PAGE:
On February 9, 1993, 26-year-old Debra Reese was sexually assaulted and murdered in her own home. She was struck approximately 36 times with a tire thumper, a tool used by truck drivers to check their tire pressure. Her husband was a truck driver and had given her the tire thumper as a means of protection while he was on the road.

An hour after the murder, Jacksonville police arrested Ledell Lee in connection with Reese’s murder after witnesses claimed they saw him walking down the street that Reese’s house was on. After his arrest and even after his conviction, Lee reiterated his innocence.

Joseph Lucky was a young child when his mother was murdered 24 years ago. To Lucky, his mother was everything to him. He has spent most of life hoping for justice and, most of all, closure for the death of his mother.

“When she was ripped from my life it started spiral I almost didn’t recover from,” Luck admitted, “and my family has lived in the shadow of this event our entire lives.”

Ledell Lee

At Lee’s final clemency hearing, Lucky called Lee the “embodiment of evil that should never have to exist in this world.”

Lee has been called a super predator by prosecutors. After being charged with the murder of Reese, he became a suspect in other crimes. Lee was convicted for the rape of two Jacksonville women and was accused of the murder and rape of 22-year-old Christine Lewis.

In November 1989, Lewis was abducted from her home where she was later raped, strangled, and eventually killed. Her body was later found at an abandoned home inside a closet. That trial ended in a hung jury. When Lee received the death sentence for Reese’s murder, prosecutors decided not to pursue retrying him for the alleged murder of Lewis.

Lee’s lawyer, Lee Short, said Lee’s past trials would have looked differently if “he was to have attorneys that didn’t have a conflict.”

According to an Arkansas Supreme Court hearing, his lawyer was “so impaired by alcohol” during the first post-conviction trial that he had to be drug tested. Lee’s lawyer even admitted to being drunk during the post-conviction proceeding and exhibited compromised, bizarre behavior.

During the trial, the lawyer was at one point unable to locate the witness room and was not familiar with his own witnesses. At one point, the lawyer rambled incoherently, interjecting “blah, blah, blah” during his statements. His behavior became so worrisome that the State of Arkansas’s counsel even admitted that the lawyer was submitting the “same items of evidence over and over again.”

That lawyer was subsequently thrown out and new counsel was provided to Lee.

Though the state has painted Lee as a super predator throughout his convictions, Lee’s brother knows a very different man.

“He’s a great brother,” said Kevin Young. “He took me everywhere, taught me how to play basketball.”

While Young now lives out of state, he said he has kept in close contact with his brother and has stood by him and believes Lee is innocent. Young claimed that Lee has not been given a fair trial.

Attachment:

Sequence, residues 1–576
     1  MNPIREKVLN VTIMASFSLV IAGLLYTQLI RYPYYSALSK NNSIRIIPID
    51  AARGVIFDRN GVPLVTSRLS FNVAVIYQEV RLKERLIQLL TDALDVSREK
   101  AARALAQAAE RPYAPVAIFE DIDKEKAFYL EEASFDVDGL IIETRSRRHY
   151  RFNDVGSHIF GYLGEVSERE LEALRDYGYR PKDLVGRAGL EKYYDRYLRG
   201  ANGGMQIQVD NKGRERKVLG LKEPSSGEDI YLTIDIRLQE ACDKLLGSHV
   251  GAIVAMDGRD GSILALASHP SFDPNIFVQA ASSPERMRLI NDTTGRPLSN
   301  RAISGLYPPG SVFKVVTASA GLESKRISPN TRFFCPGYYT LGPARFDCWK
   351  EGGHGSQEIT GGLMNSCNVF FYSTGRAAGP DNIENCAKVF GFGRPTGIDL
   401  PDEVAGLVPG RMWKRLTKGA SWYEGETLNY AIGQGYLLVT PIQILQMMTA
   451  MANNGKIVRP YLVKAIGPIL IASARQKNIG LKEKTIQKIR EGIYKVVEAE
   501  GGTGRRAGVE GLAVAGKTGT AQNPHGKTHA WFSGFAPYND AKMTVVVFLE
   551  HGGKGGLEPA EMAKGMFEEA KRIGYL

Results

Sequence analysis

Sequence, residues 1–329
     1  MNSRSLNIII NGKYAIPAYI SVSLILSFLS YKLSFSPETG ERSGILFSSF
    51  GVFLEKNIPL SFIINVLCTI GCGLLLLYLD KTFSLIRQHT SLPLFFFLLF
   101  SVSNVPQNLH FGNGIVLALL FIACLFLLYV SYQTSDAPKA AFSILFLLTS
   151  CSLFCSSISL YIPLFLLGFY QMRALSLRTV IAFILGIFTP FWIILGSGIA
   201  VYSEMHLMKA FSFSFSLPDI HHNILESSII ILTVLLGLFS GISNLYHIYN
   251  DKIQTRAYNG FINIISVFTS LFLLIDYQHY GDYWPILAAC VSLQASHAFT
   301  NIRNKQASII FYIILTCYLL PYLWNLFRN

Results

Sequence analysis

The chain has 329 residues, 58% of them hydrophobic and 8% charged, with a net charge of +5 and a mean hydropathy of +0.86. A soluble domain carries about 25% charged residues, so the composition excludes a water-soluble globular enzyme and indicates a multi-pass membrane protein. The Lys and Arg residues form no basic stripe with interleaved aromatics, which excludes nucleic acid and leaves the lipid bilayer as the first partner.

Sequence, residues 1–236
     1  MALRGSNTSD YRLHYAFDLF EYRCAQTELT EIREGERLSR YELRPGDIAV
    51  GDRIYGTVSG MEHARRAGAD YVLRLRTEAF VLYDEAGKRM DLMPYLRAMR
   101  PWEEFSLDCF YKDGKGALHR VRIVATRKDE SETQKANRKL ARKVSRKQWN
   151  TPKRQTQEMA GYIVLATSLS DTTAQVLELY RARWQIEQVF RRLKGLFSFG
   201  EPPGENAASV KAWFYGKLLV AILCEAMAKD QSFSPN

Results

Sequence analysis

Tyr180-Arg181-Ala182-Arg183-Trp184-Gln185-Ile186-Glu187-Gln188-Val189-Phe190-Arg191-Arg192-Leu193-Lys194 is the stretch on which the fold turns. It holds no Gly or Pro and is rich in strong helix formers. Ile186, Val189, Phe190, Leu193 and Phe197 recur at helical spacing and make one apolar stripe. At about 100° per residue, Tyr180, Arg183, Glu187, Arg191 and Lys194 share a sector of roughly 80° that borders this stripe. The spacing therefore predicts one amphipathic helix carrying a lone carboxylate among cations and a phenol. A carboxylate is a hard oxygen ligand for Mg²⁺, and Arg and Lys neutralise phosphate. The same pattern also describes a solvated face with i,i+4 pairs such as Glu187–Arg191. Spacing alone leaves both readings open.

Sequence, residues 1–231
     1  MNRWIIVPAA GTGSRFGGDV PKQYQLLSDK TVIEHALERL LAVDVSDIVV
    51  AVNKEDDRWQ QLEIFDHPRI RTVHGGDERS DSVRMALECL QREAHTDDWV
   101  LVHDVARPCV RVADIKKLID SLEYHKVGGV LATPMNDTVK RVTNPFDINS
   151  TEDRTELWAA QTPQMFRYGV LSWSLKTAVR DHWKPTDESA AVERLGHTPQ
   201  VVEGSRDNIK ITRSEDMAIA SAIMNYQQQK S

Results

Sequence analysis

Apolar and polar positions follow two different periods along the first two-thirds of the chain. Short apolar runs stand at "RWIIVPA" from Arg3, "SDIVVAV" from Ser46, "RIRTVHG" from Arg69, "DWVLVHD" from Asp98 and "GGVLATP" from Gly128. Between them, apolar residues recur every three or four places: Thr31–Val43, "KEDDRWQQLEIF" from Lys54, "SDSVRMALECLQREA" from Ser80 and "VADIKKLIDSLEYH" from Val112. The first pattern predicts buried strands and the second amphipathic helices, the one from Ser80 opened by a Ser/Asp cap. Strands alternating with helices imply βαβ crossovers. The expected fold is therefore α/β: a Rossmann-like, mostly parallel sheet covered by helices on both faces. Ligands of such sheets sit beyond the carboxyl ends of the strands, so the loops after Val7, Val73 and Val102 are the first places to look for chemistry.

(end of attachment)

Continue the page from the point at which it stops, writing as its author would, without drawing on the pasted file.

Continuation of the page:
“We’re a praying family, so we’ve been hoping over the years that something would break and people would see that he’s innocent,” Young said.

Joseph Lucky at Ledell Lee's clemency hearing
Joseph Lucky at Ledell Lee's clemency hearing

As Lee’s execution date drew near, the American Civil Liberties Union and the Innocence Project filed new motions which they hoped would help him prove he did not commit the murder of Reese 24 years ago.

The ACLU asked for new post-conviction DNA testing in the case, and claimed that Lee’s intellectual disability stemming from fetal alcohol syndrome was “never noticed let alone brought to the court or the jury’s attention.” They asked that the court allow new DNA testing of a hair found at the scene and a drop of blood found on Lee’s shoe. Originally, the state’s experts said at the trial that the hairs matched Lee’s through microscopic examination. But both the ACLU and Innocence Project say that “forensic method” has now been discredited as non-factual and un-scientific.

“The testing available then wasn’t sophisticated enough for fragmented samples,” ACLU said in a statement, “and no other DNA evidence was found to tie him to the crime.”

However, Pulaski County Circuit Court Judge Herbert Wright denied the motion, saying that even if the court allowed the testing and it proved neither the hair nor the blood tied Lee to the crime, “there would still be sufficient proof presented by the state at trial for the jury to reach a guilty verdict.”

That denial led to the Innocence Project joining the ACLU on the case. Both groups appealed the new DNA testing to the Arkansas Supreme Court and asked the court for a stay of Lee’s execution.

“The state is rushing to put him to death without giving him the opportunity to do the DNA testing that could prove who actually committed the crime,” said Nina Morrison, a senior staff attorney with the Innocence Project.

Despite these court battles, the family of Debra Reese hoped that his execution will go through as scheduled. And Lee’s family continued to fight until the last minute to prove his innocence. As for the State of Arkansas, they stayed the course, preparing to give Reese’s family the closure and peace of mind the law has promised.

Lee was executed on Thursday, April 20 at 11:56 p.m.